Monday, November 7, 2011

Don't tie me down: CFM vs. IA

When you think of a woman in labor, what do you picture in your mind?


(me in labor with my son in 2007)

Or this?

(Me in labor, August 2011)

Most would know nothing but the first.  If you're reading this blog chances are that you know more than most.  In picture number one, you see the typical hospital birth; Hospital gown, chux pads, IV, white sheet, bright computer screens and continuous fetal monitoring, or CFM. (CFM is defined as using a device strapped around the belly of the mother to continuously and simultaneously monitor fetal heart rate and contraction of the uterus)  CFM is standard practice in hospitals.  It was thought that by continuously monitoring the fetal heart rate along with contractions, a care provider would better be able to assess whether or not the baby is in distress.  We have learned, however, that this is not the case .

In 2009, the American College of Obstetrics and Gynecology (or ACOG) released this article.  I'll use an excerpt from the article and you yourself can interpret the meaning.

One of the problems with FHR tracings is the variability in how they're interpreted by different people. The ACOG guidelines highlight a case in which four obstetricians examined 50 FHR tracings; they agreed in only 22% of the cases. Two months later, these four physicians reevaluated the same 50 FHR tracings, and they changed their interpretations on nearly one out of every five tracings.

So let's start with this:  There are no guidelines as to how to interpret the CFM results.  This means that your physician is free to interpret them as he/she pleases.  This also means that if there happened to be an adverse outcome, there are no guidelines to hold your physician accountable for misreading or purposely misinterpreting results for personal convenience.

Moving on, there have been numerous studies concerning continuous fetal monitoring versus intermittent auscultation, or IA, (which is the monitoring of the fetus, usually using a handheld doppler, at certain intervals such as every 10 minutes or every 2 contractions) and none of them have concluded that CFM is any more effective at assessing fetal distress.  In fact, CFM has been proven to increase cesarean and medical intervention rates1 but not decrease perinatal mortality2.  

So, CFM increases your rate of cesarean section and medical intervention yet does not effectively evaluate whether or not your baby is in distress.  ACOG does not endorse CFM used on normal pregnancies.  CFM is proven to decrease the rate of normal, vaginal birth and therefore compromises the health and wellbeing of mother and baby.  Although it is obviously proven to be a disadvantage to women in labor, most hospitals require it.  So, why, if it is no more effective and actually causes disadvantages to mom and baby, is it so routinely used in hospitals?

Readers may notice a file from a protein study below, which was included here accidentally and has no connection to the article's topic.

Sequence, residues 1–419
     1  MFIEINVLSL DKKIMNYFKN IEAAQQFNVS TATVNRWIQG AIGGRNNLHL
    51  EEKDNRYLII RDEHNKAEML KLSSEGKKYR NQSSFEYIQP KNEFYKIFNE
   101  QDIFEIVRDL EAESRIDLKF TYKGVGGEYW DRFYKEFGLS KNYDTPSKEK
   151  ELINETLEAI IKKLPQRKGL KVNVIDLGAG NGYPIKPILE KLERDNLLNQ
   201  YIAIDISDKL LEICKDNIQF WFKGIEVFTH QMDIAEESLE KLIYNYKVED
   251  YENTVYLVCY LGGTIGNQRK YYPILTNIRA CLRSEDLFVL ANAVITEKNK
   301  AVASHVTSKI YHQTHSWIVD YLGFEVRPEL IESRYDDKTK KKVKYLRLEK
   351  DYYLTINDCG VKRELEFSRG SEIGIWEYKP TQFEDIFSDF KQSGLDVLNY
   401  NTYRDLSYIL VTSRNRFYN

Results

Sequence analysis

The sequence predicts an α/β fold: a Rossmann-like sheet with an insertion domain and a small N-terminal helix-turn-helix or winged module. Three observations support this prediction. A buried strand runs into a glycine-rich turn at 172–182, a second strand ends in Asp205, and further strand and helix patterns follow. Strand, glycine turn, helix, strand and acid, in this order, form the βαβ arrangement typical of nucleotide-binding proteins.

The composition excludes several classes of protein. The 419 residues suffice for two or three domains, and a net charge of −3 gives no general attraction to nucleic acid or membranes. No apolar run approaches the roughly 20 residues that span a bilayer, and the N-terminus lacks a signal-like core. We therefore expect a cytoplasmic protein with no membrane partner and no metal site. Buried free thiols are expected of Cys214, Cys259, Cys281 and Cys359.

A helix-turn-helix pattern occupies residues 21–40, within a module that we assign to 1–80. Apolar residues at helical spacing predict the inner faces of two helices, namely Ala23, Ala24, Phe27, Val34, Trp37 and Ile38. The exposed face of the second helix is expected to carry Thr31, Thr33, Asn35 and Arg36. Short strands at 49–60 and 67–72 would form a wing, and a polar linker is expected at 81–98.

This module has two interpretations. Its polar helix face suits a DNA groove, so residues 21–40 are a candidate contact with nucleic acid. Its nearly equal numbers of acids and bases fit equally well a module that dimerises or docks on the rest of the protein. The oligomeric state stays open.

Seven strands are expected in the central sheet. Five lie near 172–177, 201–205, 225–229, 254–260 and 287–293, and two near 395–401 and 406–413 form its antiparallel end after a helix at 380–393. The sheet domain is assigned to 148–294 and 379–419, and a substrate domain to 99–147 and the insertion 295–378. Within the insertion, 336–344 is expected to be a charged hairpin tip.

IA is proven to be just as effective at determining whether not a baby is in true distress.  Using IA instead of CFM allows mom to be mobile in labor which not only helps progress labor and cervical dilation (which reduces her chances or receiving pitocin3 or other labor augmentation drugs), but allows her to be in a comfortable laboring positions to better handle the intensity of contractions.  If she can better handle the intensity, she is less likely to request an epidural4.  Mom can also choose from multiple birthing positions including pushing on her hands and knees or while squatting which both help by opening the pelvis and easier allowing baby to come through.  There is no need for mom to change positions or even move at all during IA.  (They even stuck the doppler underwater when I was in labor!)

There are so many things wrong with this picture.  Knowing that CFM is causing moms to be subjected to unfair and unnecessary intervention and that many care providers use it despite all of this, I start to wonder whether or not we actually care about moms and babies.  If we did, wouldn't it be different?  Don't hospitals do what the people want?  They are businesses.  If nobody paid them to do what they do, they wouldn't do it.  So to me, the responsibility rests on you, moms.  I'll say it once and I'll say it a million times.  We understand not being educated... but now you are.  So what are you going to do about it?  If birthing your first child was a traumatic experience , are you going to proceed to have your second child in the same place, under the same thumb of the same care facility and just hope it's better this time around?  I, unfortunately have seen this situation many, many times.  You were failed by people you trusted.  You were lied to.  And it is not your fault. But do you want to know the best part of it all?  You have choices. You have a voice.  You have people you don't even know who want you to be able to birth without fear.

You decide for yourself.  I can only give you the have to be the 99% that change the way it works.


LINK; Page 8-9

LINK Page 8-9



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